|Department of Public Information • News and Media Division • New York|
Press Conference on 2014 Investor Summit on Climate Risk
Warning that carbon pollution was increasing at a faster rate than the clean energy needed to stop it, United Nations and financial experts today implored Governments and businesses alike to invest in cleaner energy and technologies.
Climate change and extreme weather brought on by fossil fuel use not only had dire consequences for the health of the planet; it posed a major long-term threat to the stability of institutional investment funds containing the pensions, life insurance and savings of billions of ordinary people, Christiana Figueres, Executive Secretary, United Nations Framework Convention on Climate Change, said during a Headquarters news conference.
“Ignorance of climate change’s impact on investment portfolios is no longer an excuse. We need to stand up now and make the necessary shifts in capital,” she said.
Ms. Figueres is at Headquarters in New York for the 2014 Investor Summit on Climate Risk, which brings together more than 550 global financial leaders to discuss ways to close the gap in clean energy investment. According to Bloomberg New Energy Finance, last year, global investment in low-carbon clean energy and energy efficiency technologies was $281 billion — down 12 per cent from 2012 — and far short of what was needed.
To keep global temperature rise to under 2°C — the level deemed vital by scientists to avoid a global climate catastrophe — some $36 trillion, or $1 trillion annually, was needed in clean energy investment by 2050, according to a 2012 report of the International Energy Agency.
“Putting a focus on the obstacles and the opportunities to getting to that 1 clean trillion a year is crucial,” said Mindy Lubber, President of Ceres, a United States-based non-profit organization that mobilizes business and investor leadership on climate change.
Mass investment was achievable as low-carbon renewable energy and technologies, such as wind and solar power, were already available and economically viable, she said. A price on carbon was also vital, and sales of green bonds, which surged this year, showed great promise.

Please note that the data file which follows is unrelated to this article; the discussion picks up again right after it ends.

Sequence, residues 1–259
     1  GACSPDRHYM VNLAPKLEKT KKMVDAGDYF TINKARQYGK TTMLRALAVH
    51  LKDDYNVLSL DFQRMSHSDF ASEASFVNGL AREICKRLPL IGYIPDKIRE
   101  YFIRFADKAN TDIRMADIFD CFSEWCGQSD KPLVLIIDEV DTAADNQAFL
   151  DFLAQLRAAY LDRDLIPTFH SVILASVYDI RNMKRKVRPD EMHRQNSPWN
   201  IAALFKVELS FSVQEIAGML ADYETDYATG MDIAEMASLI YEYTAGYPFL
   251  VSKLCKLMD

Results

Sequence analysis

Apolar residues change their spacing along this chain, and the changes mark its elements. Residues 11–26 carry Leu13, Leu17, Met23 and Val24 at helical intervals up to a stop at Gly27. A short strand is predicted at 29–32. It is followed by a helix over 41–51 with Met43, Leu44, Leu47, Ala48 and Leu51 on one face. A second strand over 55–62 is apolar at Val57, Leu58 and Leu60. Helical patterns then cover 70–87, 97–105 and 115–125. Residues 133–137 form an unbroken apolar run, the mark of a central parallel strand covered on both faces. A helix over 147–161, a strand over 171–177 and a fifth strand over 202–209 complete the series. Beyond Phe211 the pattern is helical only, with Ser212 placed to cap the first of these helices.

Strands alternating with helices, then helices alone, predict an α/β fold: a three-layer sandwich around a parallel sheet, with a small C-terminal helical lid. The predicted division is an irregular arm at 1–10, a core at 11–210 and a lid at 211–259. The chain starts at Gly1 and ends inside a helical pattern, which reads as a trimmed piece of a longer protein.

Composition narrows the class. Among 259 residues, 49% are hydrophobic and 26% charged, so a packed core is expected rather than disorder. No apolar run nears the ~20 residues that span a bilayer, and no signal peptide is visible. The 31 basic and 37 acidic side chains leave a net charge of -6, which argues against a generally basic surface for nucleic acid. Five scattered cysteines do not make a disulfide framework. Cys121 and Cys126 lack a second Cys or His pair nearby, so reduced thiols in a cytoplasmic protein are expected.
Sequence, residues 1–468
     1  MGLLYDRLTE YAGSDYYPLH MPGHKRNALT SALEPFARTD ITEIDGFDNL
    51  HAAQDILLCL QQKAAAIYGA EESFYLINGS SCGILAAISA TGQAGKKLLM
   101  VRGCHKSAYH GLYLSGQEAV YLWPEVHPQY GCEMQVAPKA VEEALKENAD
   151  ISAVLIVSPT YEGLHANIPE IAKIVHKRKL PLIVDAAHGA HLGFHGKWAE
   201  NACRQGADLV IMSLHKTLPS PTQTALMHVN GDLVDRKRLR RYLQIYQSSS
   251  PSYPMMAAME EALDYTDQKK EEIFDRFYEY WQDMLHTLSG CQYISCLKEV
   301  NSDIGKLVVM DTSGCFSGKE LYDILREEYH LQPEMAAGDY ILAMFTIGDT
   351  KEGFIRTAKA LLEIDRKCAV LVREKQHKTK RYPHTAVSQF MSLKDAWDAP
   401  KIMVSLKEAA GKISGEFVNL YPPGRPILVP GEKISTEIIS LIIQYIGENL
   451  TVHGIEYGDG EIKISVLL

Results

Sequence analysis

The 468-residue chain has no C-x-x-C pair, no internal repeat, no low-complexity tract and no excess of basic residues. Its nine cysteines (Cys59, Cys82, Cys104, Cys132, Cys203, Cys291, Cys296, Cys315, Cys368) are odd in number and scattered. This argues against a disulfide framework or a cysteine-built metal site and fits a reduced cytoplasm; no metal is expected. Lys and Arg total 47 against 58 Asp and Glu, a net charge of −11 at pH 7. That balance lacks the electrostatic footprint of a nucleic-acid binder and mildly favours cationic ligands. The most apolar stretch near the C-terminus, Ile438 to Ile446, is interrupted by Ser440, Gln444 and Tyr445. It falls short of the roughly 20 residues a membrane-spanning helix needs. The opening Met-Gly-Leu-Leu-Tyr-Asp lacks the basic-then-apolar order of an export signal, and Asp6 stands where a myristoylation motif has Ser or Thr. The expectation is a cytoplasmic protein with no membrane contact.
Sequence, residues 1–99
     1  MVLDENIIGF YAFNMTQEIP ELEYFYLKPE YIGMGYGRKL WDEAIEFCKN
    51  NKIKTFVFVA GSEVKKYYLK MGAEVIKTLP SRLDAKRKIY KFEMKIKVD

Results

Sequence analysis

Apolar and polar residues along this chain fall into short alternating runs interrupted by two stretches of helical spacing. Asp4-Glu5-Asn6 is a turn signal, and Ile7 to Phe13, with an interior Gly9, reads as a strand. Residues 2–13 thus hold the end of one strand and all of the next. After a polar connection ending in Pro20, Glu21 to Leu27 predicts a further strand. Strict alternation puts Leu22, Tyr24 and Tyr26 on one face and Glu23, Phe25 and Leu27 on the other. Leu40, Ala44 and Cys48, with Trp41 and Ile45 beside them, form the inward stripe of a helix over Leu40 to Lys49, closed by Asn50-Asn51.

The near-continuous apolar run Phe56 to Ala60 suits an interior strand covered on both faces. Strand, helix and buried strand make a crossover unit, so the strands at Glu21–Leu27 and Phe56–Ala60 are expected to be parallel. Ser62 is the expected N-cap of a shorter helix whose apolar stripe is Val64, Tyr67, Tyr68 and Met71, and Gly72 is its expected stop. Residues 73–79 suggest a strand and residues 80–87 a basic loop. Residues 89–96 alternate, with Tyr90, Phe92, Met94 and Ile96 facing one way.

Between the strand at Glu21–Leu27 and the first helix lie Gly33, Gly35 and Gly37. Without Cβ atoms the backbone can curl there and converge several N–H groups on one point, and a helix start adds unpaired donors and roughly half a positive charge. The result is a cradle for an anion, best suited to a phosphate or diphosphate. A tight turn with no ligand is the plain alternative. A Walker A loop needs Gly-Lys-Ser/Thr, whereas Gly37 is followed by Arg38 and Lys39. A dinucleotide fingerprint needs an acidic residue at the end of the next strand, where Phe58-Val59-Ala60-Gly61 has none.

Michael Liebreich, Chief Executive Officer of Bloomberg New Energy Finance, agreed, noting that sales by development banks, projects and companies of green bonds had reached a record $14 billion in 2013. While overall growth in clean energy was down in Europe and the United States last year, investment was up by 20 per cent in Japan and was growing in many developing countries in the Middle East, Asia, Africa and Central America. Extraordinary growth had been posted by major clean energy market players like electric car maker Tesla Motors and Google, which announced this week it would buy thermostat manufacturer Nest Labs.
Echoing concerns over the danger of not addressing the economic consequences of climate change, Thomas DiNapoli, New York State Comptroller, who manages that state’s $160.7 billion pension fund and oversees its employee retirement system, said that for the state’s fund and others like it to be sustainable, climate change risk must be addressed in a straightforward manner.
Asked why clean energy investment was down in the United States and Europe, Mr. Liebreich said growth patterns in themselves were complex and that both areas were ahead of other countries and regions because they had invested in clean energy early on.
As to when the first Government pledges in clean energy investment would be announced and whether the private sector would make up for the expected shortfall in funding, Ms. Figueres said she expected they would begin during the Secretary-General’s Climate Summit scheduled for 2014 and continue into the first part of 2015. Such Government pledges would be a good first step, but they must be expanded to achieve the goal of zero net greenhouse gas emissions by 2050.
On how to address policymakers who negated the presence and impact of climate change, Ms. Luber said that that debate was over. Nearly all peer review studies had shown that the science was clear: climate change existed. Ms. Figueres added that climate change deniers were not of real concern. The green economy, spurred by viable clean energy opportunities, was moving forward at the local and national level.
* *** *